“My God, who doesn’t have a girlfriend these days!” exclaimed the erstwhile-married congressman, currently embroiled in a very public controversy pitting not just himself against another philandering congressman and former friend, but their respective girlfriends.
Ladies and gentlemen, presenting the finest specimen of Filipino masculinity, the man who can do whatever he wants with impunity: shoot, kill, steal, curse, plunder, take a mistress or five, sire a multitude of children, without really giving a hoot about the consequences of his actions might have on the fabric of his family, if not society at large, how they shape and perpetuate prevailing attitudes that are dangerously outdated, not to mention insidiously demeaning to women, yet accepted as completely normal.
When, in the early days of his scandal-ridden presidency, Joseph Estrada’s latest paramour—a flight attendant, I believe—was revealed, I recall reading in the papers how the young woman’s friends and even parents had encouraged the liaison, believing that her being the nth mistress of a powerful, albeit morally dubious, man would elevate her social status and guarantee her and subsequent children from the relationship a measure of financial security.
One could argue that a certain opportunism is necessary, even smart, in order to break through the lack of social mobility that still exists (perhaps to a lesser degree these days) in our society. But what about the much-vaunted Filipino values, which, based on the comportment of the current president and his band of sycophants and enablers, appear to be rooted in myth more than in reality? Those values are constantly being eroded and subverted every day, which makes one wonder if they ever really existed.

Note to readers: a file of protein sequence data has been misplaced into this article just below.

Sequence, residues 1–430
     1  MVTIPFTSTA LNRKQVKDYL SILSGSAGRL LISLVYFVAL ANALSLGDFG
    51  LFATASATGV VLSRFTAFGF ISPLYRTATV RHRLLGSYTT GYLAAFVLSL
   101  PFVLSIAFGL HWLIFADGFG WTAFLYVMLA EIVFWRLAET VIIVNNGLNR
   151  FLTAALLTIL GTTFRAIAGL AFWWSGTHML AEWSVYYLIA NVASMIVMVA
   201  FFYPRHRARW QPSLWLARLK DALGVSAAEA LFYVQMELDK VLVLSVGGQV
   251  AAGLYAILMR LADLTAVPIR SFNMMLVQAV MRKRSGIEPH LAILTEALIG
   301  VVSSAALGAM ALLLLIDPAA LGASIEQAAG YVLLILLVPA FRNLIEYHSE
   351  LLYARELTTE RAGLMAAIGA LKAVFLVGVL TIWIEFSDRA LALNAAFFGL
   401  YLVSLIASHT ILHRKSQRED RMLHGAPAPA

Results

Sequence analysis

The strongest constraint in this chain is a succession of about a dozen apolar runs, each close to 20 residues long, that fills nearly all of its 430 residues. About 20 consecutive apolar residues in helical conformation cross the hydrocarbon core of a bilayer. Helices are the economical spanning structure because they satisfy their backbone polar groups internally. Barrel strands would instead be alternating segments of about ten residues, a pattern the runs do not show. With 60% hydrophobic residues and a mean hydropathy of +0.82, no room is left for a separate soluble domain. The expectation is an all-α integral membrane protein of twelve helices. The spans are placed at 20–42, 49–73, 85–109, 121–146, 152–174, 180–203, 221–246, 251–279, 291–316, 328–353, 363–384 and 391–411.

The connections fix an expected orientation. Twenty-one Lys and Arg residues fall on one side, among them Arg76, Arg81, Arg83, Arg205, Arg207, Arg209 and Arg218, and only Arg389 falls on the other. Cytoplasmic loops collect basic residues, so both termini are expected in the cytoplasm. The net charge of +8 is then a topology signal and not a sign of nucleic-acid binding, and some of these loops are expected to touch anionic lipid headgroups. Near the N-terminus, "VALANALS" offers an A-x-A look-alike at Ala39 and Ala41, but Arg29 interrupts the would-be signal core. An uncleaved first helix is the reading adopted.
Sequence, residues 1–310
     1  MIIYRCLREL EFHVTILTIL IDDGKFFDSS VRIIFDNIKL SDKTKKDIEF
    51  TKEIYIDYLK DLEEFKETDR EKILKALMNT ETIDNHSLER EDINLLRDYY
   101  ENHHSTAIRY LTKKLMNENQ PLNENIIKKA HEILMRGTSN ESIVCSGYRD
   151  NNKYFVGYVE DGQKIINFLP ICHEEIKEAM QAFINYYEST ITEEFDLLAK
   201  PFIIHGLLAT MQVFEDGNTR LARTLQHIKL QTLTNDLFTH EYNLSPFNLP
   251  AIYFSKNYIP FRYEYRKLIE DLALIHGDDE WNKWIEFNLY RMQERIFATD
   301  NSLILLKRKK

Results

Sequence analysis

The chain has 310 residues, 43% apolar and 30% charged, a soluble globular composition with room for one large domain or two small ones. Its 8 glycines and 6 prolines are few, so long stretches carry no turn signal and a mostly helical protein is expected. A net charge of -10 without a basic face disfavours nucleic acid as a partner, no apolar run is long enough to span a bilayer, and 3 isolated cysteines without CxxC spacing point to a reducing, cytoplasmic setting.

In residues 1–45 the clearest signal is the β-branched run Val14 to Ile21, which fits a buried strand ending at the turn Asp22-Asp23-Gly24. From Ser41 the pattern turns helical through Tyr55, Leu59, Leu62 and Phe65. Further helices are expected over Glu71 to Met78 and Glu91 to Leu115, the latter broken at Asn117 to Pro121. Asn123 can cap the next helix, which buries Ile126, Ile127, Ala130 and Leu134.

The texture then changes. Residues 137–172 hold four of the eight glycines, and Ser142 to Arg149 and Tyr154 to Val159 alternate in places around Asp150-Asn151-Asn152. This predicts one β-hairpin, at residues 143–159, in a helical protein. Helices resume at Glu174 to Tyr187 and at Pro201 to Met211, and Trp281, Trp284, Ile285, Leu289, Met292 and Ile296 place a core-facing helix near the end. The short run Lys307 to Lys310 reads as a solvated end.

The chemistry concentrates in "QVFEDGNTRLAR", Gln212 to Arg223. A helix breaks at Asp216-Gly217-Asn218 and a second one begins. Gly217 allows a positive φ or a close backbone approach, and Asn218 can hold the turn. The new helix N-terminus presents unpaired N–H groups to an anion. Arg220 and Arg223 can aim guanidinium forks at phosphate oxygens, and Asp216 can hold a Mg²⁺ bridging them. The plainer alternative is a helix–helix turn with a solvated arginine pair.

What exists, however, is the continued sense of entitlement that men in the country enjoy, and the complicit participation of women. Congressman Alvarez dismisses the fact that he is cohabiting with a girlfriend while still legally married to his wife in a country that does not allow divorce, saying it’s not grounds for disbarment, and carries on in the House of Representatives like it’s no big deal. Senator Leila de Lima—whether you like her or loathe her—sleeps with her driver and she is publicly shamed, branded a woman of questionable morals, whose sexual history becomes fair game and fodder for all who devour scandal with finger-licking delight like it was salted egg potato chips.
Alvarez willPost too long. Click here to view the full text.